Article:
Another day has passed without any mail, with the usual promise that it will come to-morrow

Joseph Culver Letter, July 9, 1863, Page 1

Head Quarters, Co. “A” 129th Regt. Ills.
Gallatin, Tenn., July 9th 1863

My Dear Wife

Another day has passed without any mail, with the usual promise that it will come to-morrow. Morgan has gone with a portion of his command to Indiana. Should he venture any considerable distance his capture is certain.1 Reports still confirm of the fall of Vicksburg & the rout of Lee’s Army in Penna., but we scarcely believe it all.

By the time we get reliable news, great changes will doubtless have been effected. It looks to me much like the last struggle before their [the Confederates] final overthrow.2 Some 5000 deserters from Bragg’s Army have come into Rosecrans’ Camp.3 They are rapidly evacuating Tennessee.4

We may look for stirring times where small detachments are stationed. We are expecting reinforcements here daily of an entire brigade, even now within striking distance of the place, so that our duties if we remain here will have lighter duties to perform.5

Our health is still good. Russell is rapidly improving & is able to be about most of the time. I have nothing new to communicate. How I wish for some word from you. Kiss Frankie for me.

May God bless my Dear Wife

Your Affect. Husband
J. F. Culver

  1. Morgan and his division after crossing the Ohio had struck northward into Indiana, and on the 9th passed through Croydon. J.F.C.’s forecast was correct. Morgan’s raid north of the Ohio caused thousands of militia to turn out, and with the Ohio and other rivers and streams of the region at or near flood stage, it made a recrossing of the  Ohio  problematical. []
  2. Most Union leaders would have echoed J.F.C.’s estimate of the situation. The Confederates, however, fought on and the war continued until the spring of 1865. []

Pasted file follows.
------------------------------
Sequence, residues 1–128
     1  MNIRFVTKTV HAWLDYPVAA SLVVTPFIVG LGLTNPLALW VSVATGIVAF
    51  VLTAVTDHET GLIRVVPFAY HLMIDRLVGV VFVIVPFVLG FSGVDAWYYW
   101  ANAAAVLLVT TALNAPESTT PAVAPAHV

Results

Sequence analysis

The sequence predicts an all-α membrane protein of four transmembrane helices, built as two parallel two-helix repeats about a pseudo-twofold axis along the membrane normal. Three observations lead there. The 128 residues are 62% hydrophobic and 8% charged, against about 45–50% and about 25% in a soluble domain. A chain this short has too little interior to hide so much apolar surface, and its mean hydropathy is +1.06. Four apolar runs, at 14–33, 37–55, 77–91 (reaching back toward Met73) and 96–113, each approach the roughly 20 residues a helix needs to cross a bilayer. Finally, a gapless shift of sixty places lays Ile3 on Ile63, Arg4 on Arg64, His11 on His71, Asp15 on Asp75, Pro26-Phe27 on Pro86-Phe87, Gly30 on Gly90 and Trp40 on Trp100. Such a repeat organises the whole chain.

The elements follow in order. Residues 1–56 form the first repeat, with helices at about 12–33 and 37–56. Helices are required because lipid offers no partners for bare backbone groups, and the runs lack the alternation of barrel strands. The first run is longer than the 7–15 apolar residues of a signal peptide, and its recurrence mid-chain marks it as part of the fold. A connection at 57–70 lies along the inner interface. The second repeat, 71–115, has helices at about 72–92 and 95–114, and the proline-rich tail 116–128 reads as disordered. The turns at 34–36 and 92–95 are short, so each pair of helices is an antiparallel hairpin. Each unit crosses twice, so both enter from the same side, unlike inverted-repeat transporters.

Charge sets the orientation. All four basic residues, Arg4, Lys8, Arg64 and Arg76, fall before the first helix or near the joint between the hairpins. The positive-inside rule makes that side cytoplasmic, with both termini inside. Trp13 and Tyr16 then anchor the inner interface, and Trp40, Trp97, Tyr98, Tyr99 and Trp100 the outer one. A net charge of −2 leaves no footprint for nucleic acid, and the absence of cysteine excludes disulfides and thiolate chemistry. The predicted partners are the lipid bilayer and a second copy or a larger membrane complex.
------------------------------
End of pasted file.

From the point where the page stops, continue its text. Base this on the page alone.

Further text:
3. The figure (5,000) given by J.F.C. as the number of Confederates who had abandoned the fight and had surrendered to Rosecrans’ army during the Middle Tennessee Campaign (June 24-July 7), is greatly exaggerated. During this period, 1,634 Confederates were captured, of whom 616 claimed “to have delivered themselves” voluntarily, being “conscripts or tired of the war.” O. R., Ser. I, Vol. XXIII, pt. I, p. 425. []
  4. General Bragg’s Army of Tennessee had evacuated Middle Tennessee, crossing to the south bank of the Tennessee River at Shellmount and Kelly’s Ford on July 6-7. General Rosecrans now halted his pursuit to bring up supplies and consolidate his gains, preparatory to advancing on Chattanooga. O. R., Ser. I, Vol. XXIII, pt. II, pp. 900-902. []
  5. On July 7 Rosecrans directed Maj. Gen. Gordon Granger, commander of his reserve corps, to send one or two regiments to strengthen the force at Gallatin. This was in response to General Paine’s plea for reinforcements. Ibid., p. 518. []

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